The Split Cathedral was built in the early 4th century as part of the complex of the Roman palace of Diocletian in Split. The building, which was originally an imperial mausoleum, was not dedicated to the church until the 7th century. In the 11th century, a bell tower was added and in the 17th century, the cathedral was enlarged by the construction of an apse in the choir. Consecrated as a cathedral at the turn of the 7th century AD, it is considered to be the oldest Catholic cathedrals in the world that remains in use in its original structure. Being a part of Diocletian's Palace complex, it is included as a World Heritage Site.
Despite going through a war which caused much devastation to both the lad and its cultural heritage, Croatia has been able to preserve its jewels of sacred architecture, mainly those located on its coast, many of which are recognised by UNESCO.
The Euphrasian Basilica, now the cathedral of Poreč, was built in the 6th century on the site of an early Christian church at the time of Emperor Justinian I (483-565). The complex of the Euphrasian Basilica includes the Basilica, the Parish Church, the Sacristy, the Baptistery and Bell Tower, the Oratory of Mauro and the nearby Episcopal Palace. The mosaics of the interior and the facade of the church are among the best-preserved works of Byzantine art. In 1997, UNESCO declared the basilica a World Heritage Site.
St. James Cathedral in Šibenik was built in three phases from 1431 to 1536. The building mixes Gothic architecture, especially Tuscan Gothic, with Renaissance features, such as the dome, making it one of the most interesting buildings in Croatia from this period. Due to its outstanding features, the cathedral was included in the UNESCO World Heritage List in 2000.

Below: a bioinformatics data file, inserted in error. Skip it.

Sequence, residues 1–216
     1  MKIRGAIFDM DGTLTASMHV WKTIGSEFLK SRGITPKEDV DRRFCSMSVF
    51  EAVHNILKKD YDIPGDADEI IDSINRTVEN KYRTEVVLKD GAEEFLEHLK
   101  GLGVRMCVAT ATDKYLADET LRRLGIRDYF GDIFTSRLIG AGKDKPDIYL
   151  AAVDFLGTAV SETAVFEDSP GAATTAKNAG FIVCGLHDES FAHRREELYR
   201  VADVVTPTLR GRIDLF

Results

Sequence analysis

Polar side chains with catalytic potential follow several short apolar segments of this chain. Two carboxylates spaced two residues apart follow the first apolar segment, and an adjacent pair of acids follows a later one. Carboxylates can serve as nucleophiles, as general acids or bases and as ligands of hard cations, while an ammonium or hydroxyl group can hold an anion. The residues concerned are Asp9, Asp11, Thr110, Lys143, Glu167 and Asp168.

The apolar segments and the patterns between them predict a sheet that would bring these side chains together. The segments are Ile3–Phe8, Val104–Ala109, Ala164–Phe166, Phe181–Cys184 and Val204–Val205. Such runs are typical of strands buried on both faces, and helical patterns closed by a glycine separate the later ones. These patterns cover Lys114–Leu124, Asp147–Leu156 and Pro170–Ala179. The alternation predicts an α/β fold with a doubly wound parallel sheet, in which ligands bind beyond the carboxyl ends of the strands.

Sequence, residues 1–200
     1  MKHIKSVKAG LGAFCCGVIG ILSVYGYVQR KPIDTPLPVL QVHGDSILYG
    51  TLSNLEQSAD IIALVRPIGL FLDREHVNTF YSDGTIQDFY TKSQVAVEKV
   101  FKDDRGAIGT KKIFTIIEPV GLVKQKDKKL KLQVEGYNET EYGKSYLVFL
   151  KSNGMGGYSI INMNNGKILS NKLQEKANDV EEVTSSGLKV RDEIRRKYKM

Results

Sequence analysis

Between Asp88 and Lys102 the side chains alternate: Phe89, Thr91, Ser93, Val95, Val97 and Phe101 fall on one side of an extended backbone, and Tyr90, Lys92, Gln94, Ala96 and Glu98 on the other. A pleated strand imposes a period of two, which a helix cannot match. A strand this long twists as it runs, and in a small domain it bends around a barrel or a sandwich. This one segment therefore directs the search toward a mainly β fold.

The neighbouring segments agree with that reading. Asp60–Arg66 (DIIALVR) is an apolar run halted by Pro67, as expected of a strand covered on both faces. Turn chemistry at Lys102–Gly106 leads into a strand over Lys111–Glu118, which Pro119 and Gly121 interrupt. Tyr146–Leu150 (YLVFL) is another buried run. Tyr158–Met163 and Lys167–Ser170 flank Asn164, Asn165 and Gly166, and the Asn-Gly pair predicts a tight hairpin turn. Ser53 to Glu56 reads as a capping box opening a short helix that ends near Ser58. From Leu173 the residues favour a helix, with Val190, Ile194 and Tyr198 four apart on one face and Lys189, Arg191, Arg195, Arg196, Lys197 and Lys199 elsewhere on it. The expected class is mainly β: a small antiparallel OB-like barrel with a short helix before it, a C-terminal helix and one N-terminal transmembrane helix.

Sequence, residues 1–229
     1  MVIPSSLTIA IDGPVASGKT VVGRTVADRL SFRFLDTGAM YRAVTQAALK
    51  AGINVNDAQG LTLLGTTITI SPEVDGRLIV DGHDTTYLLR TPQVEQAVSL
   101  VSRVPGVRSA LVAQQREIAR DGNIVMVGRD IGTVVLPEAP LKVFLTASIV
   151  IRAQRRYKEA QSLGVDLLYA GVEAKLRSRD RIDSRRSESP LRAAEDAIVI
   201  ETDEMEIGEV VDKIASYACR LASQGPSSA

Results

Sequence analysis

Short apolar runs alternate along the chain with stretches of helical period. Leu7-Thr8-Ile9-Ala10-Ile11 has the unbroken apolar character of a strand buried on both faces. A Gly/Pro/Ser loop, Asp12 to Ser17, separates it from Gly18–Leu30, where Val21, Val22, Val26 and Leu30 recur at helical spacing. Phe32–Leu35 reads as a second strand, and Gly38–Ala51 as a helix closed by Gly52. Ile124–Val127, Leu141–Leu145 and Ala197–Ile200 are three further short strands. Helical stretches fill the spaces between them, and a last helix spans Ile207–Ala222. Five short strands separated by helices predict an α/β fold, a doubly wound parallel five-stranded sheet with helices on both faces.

The construction of Trogir Cathedral began in 1213 on the foundations of an old Christian cathedral destroyed by the Saracens in 1123. Its construction lasted until the 16th century with the completion of the bell tower. The building has a wide variety of styles, from Romanesque to Baroque, and has been a UNESCO World Heritage Site since 1997.
The church and monastery of St. Dominic were founded in the 13th century, but the church of St. Dominic was not completed until the 1370s and the cloister was built in the mid-15th century. This part of the monastery was badly damaged during the Second World War. The eastern wing of the monastery was renovated from 1974 to 1976, and the western wing was renovated by the Institute for the Protection of Monuments in Split.
The Church of St. Blaise was built between 1706 and 1715 by the Venetian architect and sculptor Marino Gropelli (1662-1728) on the foundations of the badly damaged 14th century Romanesque church. The vaulted interior is richly decorated in the Baroque style. The building was damaged in the 1979 earthquake and during the Croatian war of independence (1991-1992). St. Blaise is the patron saint of the city of Dubrovnik and once the protector of the independent Republic of Ragusa.
St. Ignatius Church is a Jesuit church completed in 1725. It was built as a single-nave Baroque church with a representative façade, modelled on the church of St. Ignatius in Rome. The design was made by the architect Andrea Pozzo. In 1885 an artificial grotto was erected in the church, dedicated to Our Lady of Lourdes, one of the oldest in Europe.